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Electrochemical and spectroscopic investigations of immobilized de novo designed heme proteins on metal electrodes
Citation key ISI:000229133300025
Author Albrecht, T and Li, W W and Ulstrup, J and Haehnel, W and Hildebrandt, P
Pages 961-970
Year 2005
ISSN 1439-4235
DOI 10.1002/cphc.200400597
Address PO BOX 10 11 61, D-69451 WEINHEIM, GERMANY
Journal Chem. phys. chem.
Volume 6
Number 5
Month MAY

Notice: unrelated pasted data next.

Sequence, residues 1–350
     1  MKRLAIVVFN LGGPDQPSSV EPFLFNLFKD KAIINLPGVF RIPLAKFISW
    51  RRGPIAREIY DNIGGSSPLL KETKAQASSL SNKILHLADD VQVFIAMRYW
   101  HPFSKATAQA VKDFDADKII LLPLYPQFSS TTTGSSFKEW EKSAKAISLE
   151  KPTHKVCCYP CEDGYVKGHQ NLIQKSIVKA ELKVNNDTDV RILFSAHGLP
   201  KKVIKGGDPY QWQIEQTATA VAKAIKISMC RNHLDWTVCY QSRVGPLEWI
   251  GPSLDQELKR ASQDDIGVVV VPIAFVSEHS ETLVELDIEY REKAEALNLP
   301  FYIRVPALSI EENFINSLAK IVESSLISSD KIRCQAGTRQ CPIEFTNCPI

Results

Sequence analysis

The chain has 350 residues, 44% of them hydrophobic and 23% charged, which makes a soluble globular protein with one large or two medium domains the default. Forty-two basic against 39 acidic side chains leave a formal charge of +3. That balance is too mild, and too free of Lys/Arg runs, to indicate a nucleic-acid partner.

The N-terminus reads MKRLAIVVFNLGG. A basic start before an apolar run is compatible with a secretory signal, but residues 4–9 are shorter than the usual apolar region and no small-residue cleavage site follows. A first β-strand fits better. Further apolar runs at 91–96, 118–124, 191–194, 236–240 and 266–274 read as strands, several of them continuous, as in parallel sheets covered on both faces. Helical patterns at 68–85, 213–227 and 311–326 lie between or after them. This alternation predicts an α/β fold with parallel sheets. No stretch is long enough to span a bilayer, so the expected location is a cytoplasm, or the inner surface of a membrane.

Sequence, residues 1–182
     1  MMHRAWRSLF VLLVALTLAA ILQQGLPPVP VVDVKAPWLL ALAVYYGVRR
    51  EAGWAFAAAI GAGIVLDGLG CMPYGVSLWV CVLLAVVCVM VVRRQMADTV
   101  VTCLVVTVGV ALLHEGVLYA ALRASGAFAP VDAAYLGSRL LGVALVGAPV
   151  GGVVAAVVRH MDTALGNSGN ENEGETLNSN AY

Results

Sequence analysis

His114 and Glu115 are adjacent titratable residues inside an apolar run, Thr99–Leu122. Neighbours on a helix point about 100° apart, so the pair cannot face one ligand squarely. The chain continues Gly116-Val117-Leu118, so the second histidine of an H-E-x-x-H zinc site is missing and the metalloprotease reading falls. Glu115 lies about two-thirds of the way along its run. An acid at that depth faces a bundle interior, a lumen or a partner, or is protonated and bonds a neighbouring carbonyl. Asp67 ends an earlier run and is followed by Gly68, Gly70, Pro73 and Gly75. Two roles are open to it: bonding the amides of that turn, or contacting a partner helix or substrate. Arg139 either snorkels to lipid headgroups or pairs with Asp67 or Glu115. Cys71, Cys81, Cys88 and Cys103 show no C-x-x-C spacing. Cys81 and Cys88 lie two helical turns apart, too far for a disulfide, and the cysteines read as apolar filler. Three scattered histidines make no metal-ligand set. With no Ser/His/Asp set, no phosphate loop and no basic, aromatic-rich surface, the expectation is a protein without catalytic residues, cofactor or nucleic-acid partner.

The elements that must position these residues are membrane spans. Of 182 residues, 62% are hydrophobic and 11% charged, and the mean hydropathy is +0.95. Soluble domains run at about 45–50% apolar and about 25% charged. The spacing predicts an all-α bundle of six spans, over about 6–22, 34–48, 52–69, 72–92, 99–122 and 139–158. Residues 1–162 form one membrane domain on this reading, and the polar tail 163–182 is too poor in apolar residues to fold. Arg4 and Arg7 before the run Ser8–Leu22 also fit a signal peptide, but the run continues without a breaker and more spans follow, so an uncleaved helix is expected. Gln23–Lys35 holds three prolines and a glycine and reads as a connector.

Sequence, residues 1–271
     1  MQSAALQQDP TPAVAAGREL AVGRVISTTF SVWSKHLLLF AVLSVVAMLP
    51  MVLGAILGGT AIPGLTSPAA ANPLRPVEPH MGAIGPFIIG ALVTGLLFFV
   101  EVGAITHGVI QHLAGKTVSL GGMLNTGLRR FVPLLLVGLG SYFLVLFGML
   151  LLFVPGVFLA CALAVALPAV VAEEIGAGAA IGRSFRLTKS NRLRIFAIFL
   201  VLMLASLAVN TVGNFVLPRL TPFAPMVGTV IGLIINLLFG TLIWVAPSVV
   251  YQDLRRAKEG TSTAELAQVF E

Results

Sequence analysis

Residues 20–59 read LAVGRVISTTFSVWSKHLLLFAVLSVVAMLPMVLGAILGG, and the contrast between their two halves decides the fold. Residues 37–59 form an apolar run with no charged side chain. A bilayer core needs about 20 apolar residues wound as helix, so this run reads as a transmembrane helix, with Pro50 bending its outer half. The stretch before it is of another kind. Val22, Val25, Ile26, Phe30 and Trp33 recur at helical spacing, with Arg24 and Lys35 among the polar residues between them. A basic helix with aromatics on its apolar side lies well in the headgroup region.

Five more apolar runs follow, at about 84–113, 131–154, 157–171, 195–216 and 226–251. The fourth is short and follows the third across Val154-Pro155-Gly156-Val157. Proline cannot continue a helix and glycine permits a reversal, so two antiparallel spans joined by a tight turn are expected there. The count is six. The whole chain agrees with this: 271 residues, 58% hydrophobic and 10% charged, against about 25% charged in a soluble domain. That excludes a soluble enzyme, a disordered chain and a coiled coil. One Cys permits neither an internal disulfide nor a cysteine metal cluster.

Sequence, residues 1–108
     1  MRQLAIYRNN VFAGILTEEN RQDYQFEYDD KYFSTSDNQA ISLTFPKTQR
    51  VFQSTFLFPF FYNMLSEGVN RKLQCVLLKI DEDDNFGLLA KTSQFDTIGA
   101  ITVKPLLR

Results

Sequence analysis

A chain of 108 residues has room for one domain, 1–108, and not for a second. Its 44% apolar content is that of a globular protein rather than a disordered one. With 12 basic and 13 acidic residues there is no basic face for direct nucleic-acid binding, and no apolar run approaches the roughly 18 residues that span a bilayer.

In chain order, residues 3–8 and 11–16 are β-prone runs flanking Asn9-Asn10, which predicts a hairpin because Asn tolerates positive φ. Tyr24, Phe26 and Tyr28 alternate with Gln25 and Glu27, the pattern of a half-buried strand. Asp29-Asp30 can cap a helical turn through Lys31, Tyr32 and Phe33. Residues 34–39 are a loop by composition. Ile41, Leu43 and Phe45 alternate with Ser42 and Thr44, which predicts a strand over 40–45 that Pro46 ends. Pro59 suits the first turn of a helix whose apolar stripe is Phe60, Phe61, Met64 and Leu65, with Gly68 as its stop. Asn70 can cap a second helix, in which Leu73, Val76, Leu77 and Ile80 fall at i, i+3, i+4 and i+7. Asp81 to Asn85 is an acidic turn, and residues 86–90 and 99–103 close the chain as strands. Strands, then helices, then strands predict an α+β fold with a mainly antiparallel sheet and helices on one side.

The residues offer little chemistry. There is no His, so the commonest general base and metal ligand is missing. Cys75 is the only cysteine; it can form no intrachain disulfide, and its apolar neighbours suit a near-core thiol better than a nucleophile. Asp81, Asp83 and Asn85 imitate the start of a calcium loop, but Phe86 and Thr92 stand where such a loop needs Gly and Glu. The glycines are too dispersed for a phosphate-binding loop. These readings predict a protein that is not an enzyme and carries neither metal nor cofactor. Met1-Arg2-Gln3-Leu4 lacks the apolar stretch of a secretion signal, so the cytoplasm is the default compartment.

Abstract On the basis of rational design principles, template-assisted four-helix-bundle proteins that include two histidines for coordinative binding of a heme were synthesized. Spectroscopic and thermodynamic characterization of the proteins in solution reveals the expected bis-histidine coordinated heme configuration. The proteins possess different binding domains on the top surfaces of the bundles to allow for electrostatic, covalent, and hydrophobic binding to metal electrodes. Electrostatic immobilization was achieved for proteins with lysine-rich binding domains (MOP-P) that adsorb to electrodes covered by self-assembled monolayers of mercaptopropionic acid, whereas cysteamine-based monolayers were employed for covalent attachment of proteins with cysteine. Immobilized residues in the binding domain (MOP-C) proteins were studied by surface-enhanced resonance Roman (SERR) spectroscopy and electrochemical methods. For all proteins, immobilization causes a decrease in protein stability and a loosening of the helix packing, as reflected by a partial dissociation of a histidine ligand in the ferrous state and very low redox potentials. For the covalently attached MOP-C, the overall interfacial redox process involves the coupling of electron transfer and heme ligand dissociation, which was analyzed by time-resolved SERR spectroscopy. Electron transfer was found to be significantly slower for the mono-histidine-coordinated than for the bis-histidine-coordinated heme. For the latter, the formal heterogeneous electron-transfer rate constant of 13 s(-1) is similar to those reported for natural heme proteins with comparable electron-transfer distances, which indicates that covalently bound synthetic heme proteins provide efficient electronic communication with a metal electrode as a prerequisite for potential biotechnological applications.
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